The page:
E-Mail Forum
  CC Times - Future of Point Molate Will Rest in Hands of Incoming Richmond City Council
December 8, 2010

I want to put a little different twist than that of a CC Times article on the action taken by the City Council last night. I can’t speak for the rest of the Council, but the reason I voted to proceed to considering the Final EIR without additional alternatives is because the entire process of soliciting suggestions of alternatives from the public was fatally flawed. The sooner we put it to bed and move on, the better.

It was part of a motion by Councilmember Viramontes back in May of this year to extend the Land Development Agreement nearly a year. No one understood it then, and the results make it even more difficult to comprehend now.

The consultant charged with evaluating alternatives was under contract to and paid by Upstream, which invalidated the entire process as being objective and above board. Furthermore, the consultant ignored a number of proposals, misinterpreted others and did a lousy job of evaluating those that were covered in the report. Many who have been advocating alternative uses and have cultivated viable proposals refused to even participate in the process because it was so flawed.

It’s the responsibility of the consultant preparing the EIS/EIR to adequately evaluate alternative projects and in the interest, it would seem, of Upstream to facilitate and encourage that. We know that the Draft EIS/EIR is incomplete and ridden with errors. At this time, we don’t have any idea what is in the Final EIS/EIR, but City staff and Upstream do. If they want it certified, they will have to work hard to make sure it is complete and accurate.

The idea that nothing but a pot farm or a casino is economically feasible at Point Molate is absurd. The Reuse Plan accepted by the City Council in 1997 called for a mixed use development that was evaluated and found to be feasible by an economic consultant. When the RFPs for Point Molate were released in 2003, seven developers responded with projects that did not include a casino. Presumably, they were prepared to proceed with a non-casino project.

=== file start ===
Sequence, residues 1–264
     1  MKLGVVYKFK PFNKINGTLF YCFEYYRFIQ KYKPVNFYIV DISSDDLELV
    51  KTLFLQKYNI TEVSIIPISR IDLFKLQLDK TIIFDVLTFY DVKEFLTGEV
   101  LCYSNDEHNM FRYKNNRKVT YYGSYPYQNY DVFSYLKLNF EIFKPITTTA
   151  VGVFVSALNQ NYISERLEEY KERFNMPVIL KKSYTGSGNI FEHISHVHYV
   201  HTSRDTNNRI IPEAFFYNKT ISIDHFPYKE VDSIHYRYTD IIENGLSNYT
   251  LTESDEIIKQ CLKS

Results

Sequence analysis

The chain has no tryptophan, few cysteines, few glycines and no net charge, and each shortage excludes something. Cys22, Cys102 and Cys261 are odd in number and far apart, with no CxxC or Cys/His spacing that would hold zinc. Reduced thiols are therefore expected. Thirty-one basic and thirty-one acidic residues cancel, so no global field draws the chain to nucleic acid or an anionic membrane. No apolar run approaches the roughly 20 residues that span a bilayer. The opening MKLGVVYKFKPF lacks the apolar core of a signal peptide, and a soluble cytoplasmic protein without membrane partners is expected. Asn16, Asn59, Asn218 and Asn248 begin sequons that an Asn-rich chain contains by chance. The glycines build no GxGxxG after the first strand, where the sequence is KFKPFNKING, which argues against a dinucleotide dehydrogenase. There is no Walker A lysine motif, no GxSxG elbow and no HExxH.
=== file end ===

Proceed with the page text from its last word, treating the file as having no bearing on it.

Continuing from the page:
When the City Council agreed to negotiate exclusively with one developer secretly selected by staff in late 2003, it turned out to be an amalgam of all seven, led by Upstream. Still there was no mention of a casino. It was only in late May of 2004 that the casino emerged as part of the project. A letter from Upstream to the City read in part:

Upstream is in the process of finalizing agreements to jointly develop Point Molate with one of the world’s leading operators of gaming, resort and entertainment facilities, including Indian gaming facilities (the “Gaming Partner”), and a landless Native American tribe with ancestral ties to Northern California (the “Tribe”).

It turned out that several councilmembers and a handful of City staff, mostly now gone, had been plotting to bring a casino to Richmond since at least 2002. Believe it or not, this was not even Upstream’s original idea. It was home grown in Richmond by several City Council members and City staff.

So now we are being told once again that for jobs and revenue, it’s a casino or nothing. I don’t buy it.

Future of Point Molate will rest in hands of incoming Richmond City Council

By Katherine Tam
Contra Costa Times

Posted: 12/07/2010 11:00:00 PM PST
Updated: 12/08/2010 06:06:43 AM PST

Richmond spent the past three months asking the public for alternatives to a casino at the waterfront and analyzing ideas ranging from a giant pot farm to a ballpark, but none will come to fruition.
The City Council on Tuesday night decided that none of the submittals was feasible. Officials chose not to include them in an environmental impact report for more study.
That means the draft environmental report can be completed and released for public review without further delay. It is due out early next year.
What happens next is up to the City Council. Councilwomen Myrna Lopez and Maria Viramontes lost re-election in November and will be replaced by Jovanka Beckles and Corky Booze, who will be sworn in Jan. 11.
Mayor Gayle McLaughlin, Vice Mayor Jeff Ritterman, Councilman Tom Butt, Beckles and Booze oppose a casino at Point Molate, creating a powerful voting bloc.
The sprawling Point Molate has sat mostly vacant since the Naval Fuel Depot closed in 1995. City leaders see the land as an opportunity for economic development that could bring jobs and revenue.
Developer Upstream and the Guidiville Band of Pomo Indians want to build a $1.2 billion casino-hotel resort, but the proposal has bitterly divided the community. The advisory Measure U was defeated in November, with 57.5 percent of voters saying no to a casino.
Officials began soliciting alternative ideas from the public this past summer. A consultant found that most of the 28 submittals were not feasible or were too similar to alternatives already listed in the draft environmental report.
A large medical marijuana operation was a financially-feasible option and would generate enough cash to cover development costs plus $3.2 million a year in tax revenue. But marijuana remains illegal under federal law, raising questions about whether the idea is viable. And Point Molate, with its sweeping waterfront views, could be put to better use, the report stated.
Other ideas for an industrial office park, and a residential-commercial development powered by renewable energy on site, would generate annual revenue of up to $1.1 million, but neither could produce enough funds to cover development costs in the near future.
Check back later for updates to this report.